Cardiac evaluation from radioisotope dynamics

D Van Dyke, H O Anger, R W Sullivan, W R Vetter, Y Yano, H G Parker
1972 Journal of Nuclear Medicine  
The use of radioactive isotopes to obtain quanti tative information on the size of the blood-containing compartments in the cardiopulmonary circulation, and the rate of blood flow through these compart ments had its beginnings over 20 years ago (7). In the last 10 years there have been significant advances in available isotopes and methods of preparation (2), in rapid, high-resolution imaging devices (3) , and in quantitative area-of-interest recording tech niques. These advances have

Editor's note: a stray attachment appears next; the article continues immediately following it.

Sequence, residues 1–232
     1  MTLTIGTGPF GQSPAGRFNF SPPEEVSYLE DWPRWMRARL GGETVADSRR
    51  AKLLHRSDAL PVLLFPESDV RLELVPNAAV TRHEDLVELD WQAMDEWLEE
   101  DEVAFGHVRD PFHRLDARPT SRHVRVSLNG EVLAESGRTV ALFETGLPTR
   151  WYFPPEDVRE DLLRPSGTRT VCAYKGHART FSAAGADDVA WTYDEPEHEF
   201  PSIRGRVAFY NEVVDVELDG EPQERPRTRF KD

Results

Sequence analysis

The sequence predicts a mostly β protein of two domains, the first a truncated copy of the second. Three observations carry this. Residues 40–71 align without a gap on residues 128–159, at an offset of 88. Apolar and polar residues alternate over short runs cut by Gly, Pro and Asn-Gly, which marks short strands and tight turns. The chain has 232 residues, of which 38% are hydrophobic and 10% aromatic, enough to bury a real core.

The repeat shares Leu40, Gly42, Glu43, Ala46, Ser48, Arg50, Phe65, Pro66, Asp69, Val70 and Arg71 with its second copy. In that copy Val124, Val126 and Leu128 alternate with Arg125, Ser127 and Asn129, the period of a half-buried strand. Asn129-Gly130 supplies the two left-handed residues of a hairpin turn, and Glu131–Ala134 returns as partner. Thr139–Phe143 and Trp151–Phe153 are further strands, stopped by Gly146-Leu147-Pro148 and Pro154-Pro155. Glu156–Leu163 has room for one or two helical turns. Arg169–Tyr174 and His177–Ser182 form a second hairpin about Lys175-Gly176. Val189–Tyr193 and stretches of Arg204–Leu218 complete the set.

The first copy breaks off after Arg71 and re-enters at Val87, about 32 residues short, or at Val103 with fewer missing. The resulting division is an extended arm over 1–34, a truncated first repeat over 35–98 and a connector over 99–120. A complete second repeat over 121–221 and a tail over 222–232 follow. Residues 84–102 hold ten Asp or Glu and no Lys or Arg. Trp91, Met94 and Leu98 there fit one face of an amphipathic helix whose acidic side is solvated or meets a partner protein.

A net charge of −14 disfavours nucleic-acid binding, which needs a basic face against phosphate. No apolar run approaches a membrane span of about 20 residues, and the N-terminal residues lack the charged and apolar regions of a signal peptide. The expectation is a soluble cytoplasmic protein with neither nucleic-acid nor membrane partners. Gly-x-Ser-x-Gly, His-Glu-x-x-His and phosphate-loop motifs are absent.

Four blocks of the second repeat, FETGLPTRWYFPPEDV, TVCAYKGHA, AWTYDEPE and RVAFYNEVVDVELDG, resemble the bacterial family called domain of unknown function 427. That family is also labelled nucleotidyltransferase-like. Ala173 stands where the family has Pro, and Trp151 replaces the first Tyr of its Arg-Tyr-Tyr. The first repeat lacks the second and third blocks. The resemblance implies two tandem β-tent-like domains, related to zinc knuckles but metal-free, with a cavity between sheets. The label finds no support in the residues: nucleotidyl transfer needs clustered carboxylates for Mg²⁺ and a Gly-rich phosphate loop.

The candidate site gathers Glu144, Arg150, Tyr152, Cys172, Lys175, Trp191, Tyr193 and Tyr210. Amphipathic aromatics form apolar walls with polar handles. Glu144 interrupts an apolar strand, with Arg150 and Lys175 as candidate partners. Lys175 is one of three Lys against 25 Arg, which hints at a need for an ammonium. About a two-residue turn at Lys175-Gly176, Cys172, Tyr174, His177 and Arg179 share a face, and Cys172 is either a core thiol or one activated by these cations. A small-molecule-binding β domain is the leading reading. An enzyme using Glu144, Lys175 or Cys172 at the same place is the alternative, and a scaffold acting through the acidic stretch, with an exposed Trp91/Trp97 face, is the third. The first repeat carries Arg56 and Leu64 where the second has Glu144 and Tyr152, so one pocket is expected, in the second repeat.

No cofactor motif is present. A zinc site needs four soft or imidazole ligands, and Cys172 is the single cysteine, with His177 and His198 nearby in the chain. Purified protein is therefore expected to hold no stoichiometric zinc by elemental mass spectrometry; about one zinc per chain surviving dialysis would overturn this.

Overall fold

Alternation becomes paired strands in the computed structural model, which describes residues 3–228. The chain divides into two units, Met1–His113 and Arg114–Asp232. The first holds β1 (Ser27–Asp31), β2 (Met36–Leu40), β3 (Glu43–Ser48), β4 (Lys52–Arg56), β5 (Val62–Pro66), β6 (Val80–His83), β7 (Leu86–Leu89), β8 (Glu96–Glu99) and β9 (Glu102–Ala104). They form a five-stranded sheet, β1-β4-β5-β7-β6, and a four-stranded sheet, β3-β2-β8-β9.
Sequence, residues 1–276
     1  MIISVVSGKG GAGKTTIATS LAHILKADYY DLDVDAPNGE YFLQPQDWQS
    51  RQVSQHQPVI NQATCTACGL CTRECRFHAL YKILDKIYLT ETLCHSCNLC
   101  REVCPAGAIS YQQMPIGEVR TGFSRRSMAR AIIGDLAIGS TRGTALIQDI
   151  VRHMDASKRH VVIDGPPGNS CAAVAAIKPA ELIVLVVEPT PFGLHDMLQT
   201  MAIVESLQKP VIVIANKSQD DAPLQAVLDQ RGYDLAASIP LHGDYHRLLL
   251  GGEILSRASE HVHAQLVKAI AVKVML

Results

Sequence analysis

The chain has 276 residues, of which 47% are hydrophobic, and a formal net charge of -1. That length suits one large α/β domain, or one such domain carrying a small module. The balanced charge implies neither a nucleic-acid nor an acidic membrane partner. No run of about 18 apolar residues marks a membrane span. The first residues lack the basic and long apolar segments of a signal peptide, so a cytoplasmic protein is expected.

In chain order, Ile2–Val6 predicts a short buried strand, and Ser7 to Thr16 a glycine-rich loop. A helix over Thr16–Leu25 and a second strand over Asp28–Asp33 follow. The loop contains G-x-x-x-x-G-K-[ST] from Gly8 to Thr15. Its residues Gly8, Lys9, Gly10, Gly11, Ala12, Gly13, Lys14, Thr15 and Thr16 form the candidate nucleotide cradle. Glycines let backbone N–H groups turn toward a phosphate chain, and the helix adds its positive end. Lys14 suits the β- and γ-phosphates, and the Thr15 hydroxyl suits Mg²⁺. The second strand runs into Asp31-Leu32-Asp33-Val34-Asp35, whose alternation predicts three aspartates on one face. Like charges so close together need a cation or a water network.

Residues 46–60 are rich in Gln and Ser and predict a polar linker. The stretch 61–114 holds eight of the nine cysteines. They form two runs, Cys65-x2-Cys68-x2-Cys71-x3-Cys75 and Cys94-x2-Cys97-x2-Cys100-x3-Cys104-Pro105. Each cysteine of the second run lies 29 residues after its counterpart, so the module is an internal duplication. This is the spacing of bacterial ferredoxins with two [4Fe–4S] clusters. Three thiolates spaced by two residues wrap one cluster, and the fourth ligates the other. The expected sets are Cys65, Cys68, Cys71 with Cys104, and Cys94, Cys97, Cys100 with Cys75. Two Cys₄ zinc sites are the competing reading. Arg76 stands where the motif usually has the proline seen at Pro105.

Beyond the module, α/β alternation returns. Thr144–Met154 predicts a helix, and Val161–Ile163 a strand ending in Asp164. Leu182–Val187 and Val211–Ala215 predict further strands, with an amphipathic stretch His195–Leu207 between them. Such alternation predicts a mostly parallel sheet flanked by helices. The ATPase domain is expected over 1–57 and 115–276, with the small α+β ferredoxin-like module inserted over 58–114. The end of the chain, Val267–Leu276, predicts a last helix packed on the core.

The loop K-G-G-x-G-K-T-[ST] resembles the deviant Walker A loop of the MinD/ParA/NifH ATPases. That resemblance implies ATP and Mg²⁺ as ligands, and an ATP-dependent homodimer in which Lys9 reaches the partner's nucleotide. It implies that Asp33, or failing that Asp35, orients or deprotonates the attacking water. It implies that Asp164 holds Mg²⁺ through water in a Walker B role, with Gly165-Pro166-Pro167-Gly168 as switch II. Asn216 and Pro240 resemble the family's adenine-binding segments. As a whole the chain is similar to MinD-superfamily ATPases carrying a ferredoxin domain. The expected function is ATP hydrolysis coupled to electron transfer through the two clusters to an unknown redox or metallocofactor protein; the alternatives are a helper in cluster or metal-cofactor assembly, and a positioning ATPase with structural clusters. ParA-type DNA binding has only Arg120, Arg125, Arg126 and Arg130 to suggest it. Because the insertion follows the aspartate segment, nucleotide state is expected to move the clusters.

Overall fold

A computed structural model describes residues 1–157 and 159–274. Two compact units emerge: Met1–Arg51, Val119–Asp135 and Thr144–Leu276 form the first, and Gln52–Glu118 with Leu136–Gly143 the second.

more » ... nces have contributed to the rapid recent development in the field and to the method to be described here (4-7). According to Chapman et al (8) , "The ideal sys tem for following changes in ventricular volume is obviously one which is fully applicable to the freeliving organism, which requires no injection of any sort, and which can be used repeatedly over long periods of time without danger or discomfort to the subject. Such a system, if it ever becomes available, can hardly be based on roentgenographic principles." tt tÃ-t t t tft t t t f i i t i • i FIG. 1. Print from 80-lens camera negative showing two simul taneous sequential recordings of passage of """'Tc bolus through central circulation. Upper series of 40 pictures: starting time inter val, 0.5 sec/picture; exposure time, 0.5 sec/picture. Lower series of 40 pictures, starting time interval, 0.5 sec/picture; exposure time, 2 sec/picture, to allow collection of large number of dots per picture.
pmid:5041634 fatcat:2qok73sgprez3obwgiva2sy4we